Friedrich Wilhelm von Bismarck

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Friedrich Wilhelm von Bismarck in the uniform of the 20th Ulans

Friedrich Wilhelm Graf von Bismarck (28 July 1783 – 18 June 1860) was a German lieutenant general, diplomat and military writer. He wrote several major military-political works and military histories, which were very pro-Napoleon.


He was born in Windheim, Westphalia into the Rhineland branch of the Schönhausener line of the House of Bismarck. In 1796 he entered military service as a cornet in the Hanoverian Army and in 1803 moved to the army of Nassau. In 1804 he entered the King's German Legion, with which he fought in northern Germany in 1805. He had to leave it in 1807 due to a duel, moving to become a cavalry captain in the Army of Württemberg. On 7 September 1807 he married Augusta Amalia (1778–1846), a daughter of Frederick Augustus, Duke of Nassau – she had been in love with him before her unhappy marriage to Louis William, Landgrave of Hesse-Homburg in 1804, which had ended in divorce.[1][2]

When Württemberg fought as an ally of Napoleon in 1809, von Bismarck distinguished himself under André Masséna, especially at the battle near Riedau on 1 May 1809. In 1812 he took part in all the battles fought by Michel Ney's corps. At the battles of Bautzen, near Seifersdorf on 26 May 1813 and Dennewitz on 6 September 1813 he commanded the 1st Chevau-Léger Regiment. He was finally captured at the battle of Leipzig. When Württemberg switched sides to fight against Napoleon, he was put on the general staff and in 1815 was made commander in chief of the Crown Provinces. The following year he was made a Graf (count) and promoted to oberst and flugeladjutant.

After the reign of William I of Württemberg he was entrusted with re-organising the army's cavalry, becoming a major general in 1819. He was made a member of the Kammer der Standesherren in the Estates of Württemberg, extraordinary envoy to the court at Karlsruhe in 1820, then five years later ambassador to the Kingdom of Prussia, the Kingdom of Saxony and the Kingdom of Hanover. He was promoted to lieutenant general in 1830 before finally retiring in 1848, after which he no longer appeared on the lists for the Estates.[3] He remarried on 5 April 1848 to Amalie Julie Thibaut (4 July 1824, Steinbach bei Baden-Baden – 6 September 1918, Mariafeld am Zürichsee) – with her he had two children:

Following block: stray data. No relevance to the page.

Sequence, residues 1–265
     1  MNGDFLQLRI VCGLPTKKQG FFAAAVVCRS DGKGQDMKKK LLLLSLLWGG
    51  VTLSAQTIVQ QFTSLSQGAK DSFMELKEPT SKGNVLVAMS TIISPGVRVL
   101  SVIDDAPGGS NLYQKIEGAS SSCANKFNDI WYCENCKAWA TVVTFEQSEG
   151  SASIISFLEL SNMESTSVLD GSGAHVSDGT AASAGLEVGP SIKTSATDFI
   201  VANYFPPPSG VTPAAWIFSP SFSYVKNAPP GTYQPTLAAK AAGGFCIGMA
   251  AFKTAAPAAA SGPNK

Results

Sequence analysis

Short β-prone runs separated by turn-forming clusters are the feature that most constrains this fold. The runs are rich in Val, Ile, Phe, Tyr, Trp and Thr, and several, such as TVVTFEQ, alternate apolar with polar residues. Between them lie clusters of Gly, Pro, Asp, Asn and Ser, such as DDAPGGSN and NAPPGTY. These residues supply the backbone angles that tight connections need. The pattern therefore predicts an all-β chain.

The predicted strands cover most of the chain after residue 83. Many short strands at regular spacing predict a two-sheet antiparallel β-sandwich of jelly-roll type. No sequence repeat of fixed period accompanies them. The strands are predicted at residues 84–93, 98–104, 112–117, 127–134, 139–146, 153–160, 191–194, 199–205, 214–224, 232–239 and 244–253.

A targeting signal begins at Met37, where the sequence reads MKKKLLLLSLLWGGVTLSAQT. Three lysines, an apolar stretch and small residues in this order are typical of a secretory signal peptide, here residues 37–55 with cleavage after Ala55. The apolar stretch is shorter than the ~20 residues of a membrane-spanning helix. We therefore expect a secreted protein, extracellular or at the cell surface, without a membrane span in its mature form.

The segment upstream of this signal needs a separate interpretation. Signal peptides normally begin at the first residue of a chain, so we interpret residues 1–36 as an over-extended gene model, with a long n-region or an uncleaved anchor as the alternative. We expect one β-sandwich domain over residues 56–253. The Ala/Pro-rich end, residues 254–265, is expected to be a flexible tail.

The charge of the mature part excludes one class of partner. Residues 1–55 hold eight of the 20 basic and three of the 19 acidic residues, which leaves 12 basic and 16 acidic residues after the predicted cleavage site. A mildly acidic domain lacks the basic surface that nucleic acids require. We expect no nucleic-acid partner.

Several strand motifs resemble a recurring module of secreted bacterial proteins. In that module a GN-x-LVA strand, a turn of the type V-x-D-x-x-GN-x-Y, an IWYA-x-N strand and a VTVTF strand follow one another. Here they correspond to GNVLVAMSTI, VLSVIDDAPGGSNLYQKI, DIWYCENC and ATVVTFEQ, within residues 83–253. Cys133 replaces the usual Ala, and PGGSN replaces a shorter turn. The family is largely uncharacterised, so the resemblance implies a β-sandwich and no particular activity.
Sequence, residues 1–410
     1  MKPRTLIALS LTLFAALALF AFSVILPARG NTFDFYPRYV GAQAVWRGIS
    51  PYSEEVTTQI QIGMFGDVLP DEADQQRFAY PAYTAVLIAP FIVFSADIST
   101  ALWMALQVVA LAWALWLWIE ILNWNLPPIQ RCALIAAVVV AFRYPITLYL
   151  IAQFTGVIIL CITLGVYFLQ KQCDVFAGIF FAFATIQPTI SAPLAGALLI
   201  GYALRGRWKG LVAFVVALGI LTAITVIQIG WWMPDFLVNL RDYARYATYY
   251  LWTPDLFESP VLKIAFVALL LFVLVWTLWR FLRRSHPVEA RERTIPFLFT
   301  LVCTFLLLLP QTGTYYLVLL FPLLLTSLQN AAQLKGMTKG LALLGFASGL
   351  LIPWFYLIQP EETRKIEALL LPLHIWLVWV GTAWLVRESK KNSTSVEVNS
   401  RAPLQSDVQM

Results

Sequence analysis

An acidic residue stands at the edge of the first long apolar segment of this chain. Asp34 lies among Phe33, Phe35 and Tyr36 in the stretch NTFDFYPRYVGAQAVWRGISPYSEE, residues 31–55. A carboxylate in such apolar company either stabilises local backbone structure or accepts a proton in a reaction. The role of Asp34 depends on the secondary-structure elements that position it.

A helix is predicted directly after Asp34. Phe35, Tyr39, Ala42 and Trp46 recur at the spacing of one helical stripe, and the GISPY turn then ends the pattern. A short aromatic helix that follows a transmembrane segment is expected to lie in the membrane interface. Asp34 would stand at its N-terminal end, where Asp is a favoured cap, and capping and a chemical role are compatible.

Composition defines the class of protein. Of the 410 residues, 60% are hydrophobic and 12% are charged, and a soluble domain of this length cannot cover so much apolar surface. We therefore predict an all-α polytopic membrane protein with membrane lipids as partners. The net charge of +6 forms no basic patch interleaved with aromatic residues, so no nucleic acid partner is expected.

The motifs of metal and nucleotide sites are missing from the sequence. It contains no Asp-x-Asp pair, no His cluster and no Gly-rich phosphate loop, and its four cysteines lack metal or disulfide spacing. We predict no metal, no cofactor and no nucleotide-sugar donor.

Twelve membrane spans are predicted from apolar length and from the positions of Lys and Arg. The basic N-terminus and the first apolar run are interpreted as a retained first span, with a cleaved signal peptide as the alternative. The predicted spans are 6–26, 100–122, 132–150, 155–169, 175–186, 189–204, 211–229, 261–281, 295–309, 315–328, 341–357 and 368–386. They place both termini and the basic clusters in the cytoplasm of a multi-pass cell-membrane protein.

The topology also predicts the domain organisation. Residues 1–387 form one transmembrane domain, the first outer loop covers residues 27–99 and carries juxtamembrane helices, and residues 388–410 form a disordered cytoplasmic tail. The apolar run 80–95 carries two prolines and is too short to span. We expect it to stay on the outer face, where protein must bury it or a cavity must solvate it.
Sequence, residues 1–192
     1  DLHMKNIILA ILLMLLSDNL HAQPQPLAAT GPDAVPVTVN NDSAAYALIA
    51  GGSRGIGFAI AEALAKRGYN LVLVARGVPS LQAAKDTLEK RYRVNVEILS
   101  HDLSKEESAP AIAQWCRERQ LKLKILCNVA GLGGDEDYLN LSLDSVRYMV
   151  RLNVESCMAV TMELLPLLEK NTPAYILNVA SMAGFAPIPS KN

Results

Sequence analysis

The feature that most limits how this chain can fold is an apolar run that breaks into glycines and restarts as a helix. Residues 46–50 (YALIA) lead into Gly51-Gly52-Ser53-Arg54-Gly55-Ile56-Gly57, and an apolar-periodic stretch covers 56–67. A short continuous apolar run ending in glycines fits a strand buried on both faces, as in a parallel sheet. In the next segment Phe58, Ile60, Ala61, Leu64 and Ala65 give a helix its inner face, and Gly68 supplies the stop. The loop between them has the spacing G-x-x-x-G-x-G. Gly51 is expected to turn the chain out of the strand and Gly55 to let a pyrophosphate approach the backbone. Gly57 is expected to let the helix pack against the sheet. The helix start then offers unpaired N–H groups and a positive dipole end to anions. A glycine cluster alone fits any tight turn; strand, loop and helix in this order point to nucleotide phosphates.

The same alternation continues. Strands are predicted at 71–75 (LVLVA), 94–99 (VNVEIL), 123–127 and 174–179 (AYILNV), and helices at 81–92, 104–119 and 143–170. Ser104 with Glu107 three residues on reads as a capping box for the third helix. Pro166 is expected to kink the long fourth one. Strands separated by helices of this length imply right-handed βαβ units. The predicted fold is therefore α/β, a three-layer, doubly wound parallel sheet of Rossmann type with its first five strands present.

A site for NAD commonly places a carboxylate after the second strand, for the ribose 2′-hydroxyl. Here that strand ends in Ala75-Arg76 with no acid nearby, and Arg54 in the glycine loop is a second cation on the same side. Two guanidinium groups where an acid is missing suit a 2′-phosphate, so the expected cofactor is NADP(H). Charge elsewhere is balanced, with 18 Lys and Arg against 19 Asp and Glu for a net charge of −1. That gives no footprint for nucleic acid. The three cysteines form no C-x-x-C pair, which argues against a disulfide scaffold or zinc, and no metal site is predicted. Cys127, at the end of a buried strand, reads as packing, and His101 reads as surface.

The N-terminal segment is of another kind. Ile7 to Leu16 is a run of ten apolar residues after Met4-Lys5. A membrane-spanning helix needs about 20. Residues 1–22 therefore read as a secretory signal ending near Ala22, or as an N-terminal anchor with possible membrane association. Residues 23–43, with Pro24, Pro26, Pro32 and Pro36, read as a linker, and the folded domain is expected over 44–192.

• August Wilhelm Julius Graf von Bismarck (1849–1920), later a hussar officer, horsebreeder, designer of the 'Gut Lilienhof' in Breisgau; he died without issue and so the line went extinct
  • Clara Gräfin von Bismarck (1851–1946), who later married the Swiss general Ulrich Wille (1848–1925)

He only fully gave up his Estates seat in 1853 on health grounds, retiring to Konstanz. The future writer Joseph Stoeckle (1844–1893) was at school in Konstanz around this time at the Großherzoglichen Lyceum, where he was joined between 1859 and 1860 by Friedrich's son August[4] – he remained close to the House of Bismarck and later wrote in his memoirs about Friedrich, using records and writings that are now lost.[5]



  • Felddienst der Reyterei. Karlsruhe 1820.
  • System der Reuterei. Berlin & Posen 1822.
  • Schützensystem der Reuterei. Stuttgart 1824.
  • Vorlesungen über die Taktik der Reuterei. Elemente der Bewegungskunst eines Reuter-Regiments. Karlsruhe 1819, 2. Aufl. ebd. 1826.
  • Reuterbibliothek (6 Bde.). Karlsruhe 1825–1831.
  • Ideentaktik der Reuterei. Karlsruhe 1829.
  • Aufzeichnungen. Karlsruhe 1847.


  1. ^ (in German) Maria Feodora von Dalberg: Aus dem Leben einer deutschen Fürstin. Verlag Franz Nöldeke, Carlsruhe 1847.
  2. ^ (in German) Ricarda Huch: Graf Mark und die Prinzessin von Nassau-Usingen (1925)
  3. ^ (in German) Hof- und Staatshandbuch des Großherzogthums Baden – 1834. Hofbuchhandlung von G. Braun, Carlsruhe 1834, S. 100–101
  4. ^ (in German) Joseph Stöckle: Erinnerungen aus dem Donauthale. Verlagsbuchdruckerei Karl Willi, Meßkirch 1893.
  5. ^ (in German) Heinrich Schmidt-Pecht: Die Bismarcks in Konstanz. Ein geschichtlicher Fund, in: Velhagen & Klasings Monatshefte. Berlin, Bielefeld, Leipzig, 54. Jg. 1939/1940 (2. Band, April 1940); S. 489–494.
  6. ^ Württemberg (1858). Königlich-Württembergisches Hof- und Staats-Handbuch: 1858. Guttenberg. pp. 32, 55, 61.
  7. ^ Almanach de la cour: pour l'année ... 1817. l'Académie Imp. des Sciences. 1817. p. 146.
  8. ^ Bayern (1858). Hof- und Staatshandbuch des Königreichs Bayern: 1858. Landesamt. p. 10.
  9. ^ Bille-Hansen, A. C.; Holck, Harald, eds. (1859) [1st pub.:1801]. Statshaandbog for Kongeriget Danmark for Aaret 1859 [State Manual of the Kingdom of Denmark for the Year 1859] (PDF). Kongelig Dansk Hof- og Statskalender (in Danish). Copenhagen: J.H. Schultz A.-S. Universitetsbogtrykkeri. pp. 5–6. Retrieved 10 February 2021 – via da:DIS Danmark.
  10. ^ Hof- und Staats-Handbuch des Großherzogtum Baden (1858), "Großherzogliche Orden" pp. 35, 63
  11. ^ "Ritter-Orden", Hof- und Staatshandbuch der Österreichisch-Ungarischen Monarchie, 1860, pp. 56, 76, retrieved 14 January 2021

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